Today León says, “the corn growers from here are in the United States, they had gotten used to the strong economy of the ’80s and they thought ‘we cannot stay here.’ This is the only way that many families can live, their children attending school are supported by parents in the United States. They can only survive due to remittances.”

Remittances are an important source of income for the region. However, emigration has its price for those who stay behind. First comes the disintegration of the family and community, which is evident in the region. Also, as León points out, “immigration and poverty are threatening to the culture. The television, propaganda, commercials-we are in the midst of a process without a path … many emigrate, there are so many people abroad. We know U.S. customs better than our own Mixtec customs. Its maddening.”

Culture is an area that the organization has undertaken relatively recently. “In the beginning we didn’t take the culture of the communities into account. We learned to incorporate it. The Mixtecos are descendents of a people with a very rich history. We need to honor the culture in the way we organize, in the way we see the world.”

Among the Mixtecos, culture has been a valuable tool for organizing because the traditional culture centers on a unified community. “We are not individualist people. We have a community culture, not thinking about ‘my part’ but about ‘us.’ CEDICAM publishes and talks about cultural components as an integral part of its work, in an effort to rescue the culture. “We are in the process of returning value to the culture. We have a library of Mixtec history and culture. We are not just any people.”
A Blow from Above: NAFTA

Nature has been a permanent challenge for the peasants of the region, but the North American Free Trade Agreement (NAFTA) fell upon them suddenly and without warning. It took them awhile to understand why such a rapid deterioration was occurring in their household economies. “In the ’80s many people improved their economic situation-they built houses, sent their kids to school, bought land. Suddenly we began to see a strange phenomenon-prices, instead of going up as they had been, were frozen. This type of corn is sought by people from other states and we had a good market, but in the ’90s the price began to fall.”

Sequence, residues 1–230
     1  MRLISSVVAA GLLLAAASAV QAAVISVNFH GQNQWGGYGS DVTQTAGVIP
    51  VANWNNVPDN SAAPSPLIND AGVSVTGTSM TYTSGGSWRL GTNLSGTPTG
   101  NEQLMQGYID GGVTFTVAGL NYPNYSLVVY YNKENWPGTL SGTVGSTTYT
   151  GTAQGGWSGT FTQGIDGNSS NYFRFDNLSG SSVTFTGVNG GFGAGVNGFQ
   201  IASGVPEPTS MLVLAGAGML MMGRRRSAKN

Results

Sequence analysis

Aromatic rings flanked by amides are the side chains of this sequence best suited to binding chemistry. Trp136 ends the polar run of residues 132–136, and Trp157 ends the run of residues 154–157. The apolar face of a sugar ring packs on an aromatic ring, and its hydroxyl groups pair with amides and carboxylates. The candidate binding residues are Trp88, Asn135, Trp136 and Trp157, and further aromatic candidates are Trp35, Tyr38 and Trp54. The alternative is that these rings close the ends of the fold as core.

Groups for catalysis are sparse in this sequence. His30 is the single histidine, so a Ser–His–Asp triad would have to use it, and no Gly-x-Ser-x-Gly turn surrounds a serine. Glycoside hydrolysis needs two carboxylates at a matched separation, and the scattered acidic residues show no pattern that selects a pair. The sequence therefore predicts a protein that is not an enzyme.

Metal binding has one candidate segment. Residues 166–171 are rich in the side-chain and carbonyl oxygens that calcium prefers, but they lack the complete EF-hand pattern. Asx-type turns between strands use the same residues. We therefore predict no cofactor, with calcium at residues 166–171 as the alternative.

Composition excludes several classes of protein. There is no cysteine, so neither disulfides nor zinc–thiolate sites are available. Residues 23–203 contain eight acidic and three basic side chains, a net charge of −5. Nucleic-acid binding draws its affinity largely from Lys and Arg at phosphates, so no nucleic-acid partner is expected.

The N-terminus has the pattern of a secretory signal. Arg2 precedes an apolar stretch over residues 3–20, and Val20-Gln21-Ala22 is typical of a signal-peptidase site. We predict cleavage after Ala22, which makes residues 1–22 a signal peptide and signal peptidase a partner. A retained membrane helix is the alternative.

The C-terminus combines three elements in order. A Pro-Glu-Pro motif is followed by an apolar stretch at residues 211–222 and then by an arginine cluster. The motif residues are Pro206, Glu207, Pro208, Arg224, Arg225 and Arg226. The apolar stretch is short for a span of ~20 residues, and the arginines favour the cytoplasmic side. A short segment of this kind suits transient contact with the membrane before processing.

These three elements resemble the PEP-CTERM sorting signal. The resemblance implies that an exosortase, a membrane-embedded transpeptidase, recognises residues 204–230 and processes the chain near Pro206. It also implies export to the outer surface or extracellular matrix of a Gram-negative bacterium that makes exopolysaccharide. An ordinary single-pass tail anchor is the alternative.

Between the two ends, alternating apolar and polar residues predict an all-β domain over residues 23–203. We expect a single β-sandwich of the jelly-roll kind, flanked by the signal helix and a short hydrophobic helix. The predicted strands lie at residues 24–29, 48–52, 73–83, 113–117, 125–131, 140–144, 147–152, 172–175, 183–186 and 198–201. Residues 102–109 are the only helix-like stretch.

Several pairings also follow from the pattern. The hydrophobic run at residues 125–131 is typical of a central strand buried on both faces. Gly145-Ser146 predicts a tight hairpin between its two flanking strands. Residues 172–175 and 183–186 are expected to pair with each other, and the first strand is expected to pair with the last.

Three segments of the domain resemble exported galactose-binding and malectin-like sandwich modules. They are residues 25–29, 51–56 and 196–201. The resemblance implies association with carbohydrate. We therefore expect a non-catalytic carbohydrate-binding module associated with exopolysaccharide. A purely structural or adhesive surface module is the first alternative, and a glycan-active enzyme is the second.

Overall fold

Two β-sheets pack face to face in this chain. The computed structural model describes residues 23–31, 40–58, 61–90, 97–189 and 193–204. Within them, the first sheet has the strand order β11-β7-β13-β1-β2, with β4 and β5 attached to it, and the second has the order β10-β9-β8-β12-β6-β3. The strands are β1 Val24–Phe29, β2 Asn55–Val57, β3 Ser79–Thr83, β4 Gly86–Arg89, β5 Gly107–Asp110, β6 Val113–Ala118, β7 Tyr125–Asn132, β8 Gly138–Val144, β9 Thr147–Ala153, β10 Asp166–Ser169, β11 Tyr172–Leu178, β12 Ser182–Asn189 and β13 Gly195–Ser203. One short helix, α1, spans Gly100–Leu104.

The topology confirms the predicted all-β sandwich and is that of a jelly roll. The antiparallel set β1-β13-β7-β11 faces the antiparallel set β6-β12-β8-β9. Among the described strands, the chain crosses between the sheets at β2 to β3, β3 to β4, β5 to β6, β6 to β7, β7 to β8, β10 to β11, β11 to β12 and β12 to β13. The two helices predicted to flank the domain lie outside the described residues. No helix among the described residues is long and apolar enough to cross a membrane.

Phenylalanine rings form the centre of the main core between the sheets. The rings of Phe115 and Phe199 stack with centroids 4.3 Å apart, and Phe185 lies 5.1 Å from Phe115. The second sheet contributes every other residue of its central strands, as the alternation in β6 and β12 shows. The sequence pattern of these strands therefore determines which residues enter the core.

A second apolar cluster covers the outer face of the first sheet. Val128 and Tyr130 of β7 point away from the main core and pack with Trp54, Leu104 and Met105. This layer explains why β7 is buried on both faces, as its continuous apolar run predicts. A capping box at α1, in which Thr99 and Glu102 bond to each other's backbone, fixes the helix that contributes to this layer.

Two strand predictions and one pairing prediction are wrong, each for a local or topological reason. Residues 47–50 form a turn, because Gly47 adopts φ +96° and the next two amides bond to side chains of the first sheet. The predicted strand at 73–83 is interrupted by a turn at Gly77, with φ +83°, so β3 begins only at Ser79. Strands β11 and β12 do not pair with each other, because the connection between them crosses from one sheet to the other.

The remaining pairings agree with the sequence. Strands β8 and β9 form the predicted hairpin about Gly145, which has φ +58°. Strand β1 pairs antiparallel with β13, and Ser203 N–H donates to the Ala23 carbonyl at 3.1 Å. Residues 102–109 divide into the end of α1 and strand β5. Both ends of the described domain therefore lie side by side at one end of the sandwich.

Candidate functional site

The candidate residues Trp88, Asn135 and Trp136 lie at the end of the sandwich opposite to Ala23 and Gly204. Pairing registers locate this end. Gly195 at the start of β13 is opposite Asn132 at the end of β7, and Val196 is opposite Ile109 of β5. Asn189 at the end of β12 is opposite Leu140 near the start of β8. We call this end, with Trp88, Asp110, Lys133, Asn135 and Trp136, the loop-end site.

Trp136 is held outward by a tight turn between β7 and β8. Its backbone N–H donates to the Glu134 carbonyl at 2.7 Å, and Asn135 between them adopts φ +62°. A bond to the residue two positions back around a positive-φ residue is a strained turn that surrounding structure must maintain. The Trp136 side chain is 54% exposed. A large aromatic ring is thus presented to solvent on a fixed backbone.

“People sought to invest and produce more, but they were losing out,” continues León. Prices have been below the cost of production due to competition with the United States. “Many people don’t know how corn enters the country so cheap despite it being brought from farther away. I have always told people-the government put its farmers into competition with the north without even letting us know.”

In this context, the first challenge for the organization was to find new channels of commercialization. They formed a producer cooperative to find direct mechanisms to sell to consumers.

There are many challenges in the future. In 2008 corn will be totally liberalized, according to the terms of NAFTA. The Mixtec farmers, organized in CEDICAM, are studying the possible negative impacts of this measure, and how to defend themselves. Among their activities are studies, a binational meeting with small producers from Mexico and the United States and development of regional markets for high quality corn. They have participated in dialogue with their U.S. counterparts to analyze the Farm Bill and the impact of U.S. subsidies on both sides of the border.

Jesús León is proud of the achievements of the organization and conscious of the challenges that lie ahead. Most important is that the communities decimated by immigration begin to see a future, to feel rooted in their own land. “Those that stay behind have demonstrated that you can live here,” says León. It seems small, but this achievement in itself represents advances in production, commercialization, culture, and environmental conservation that few people thought possible. It represents a small triumph of “what is ours” over “foreign” that marks the beginning of a new future.

Translated by Katherine Kohlstedt.

LAURA CARLSEN is Director of the IRC Americas Program in Mexico City, where she has been a writer and political analyst for more than two decades.





Laura Carlsen is the director of the Americas Program in Mexico City and advisor to Just Associates (JASS) .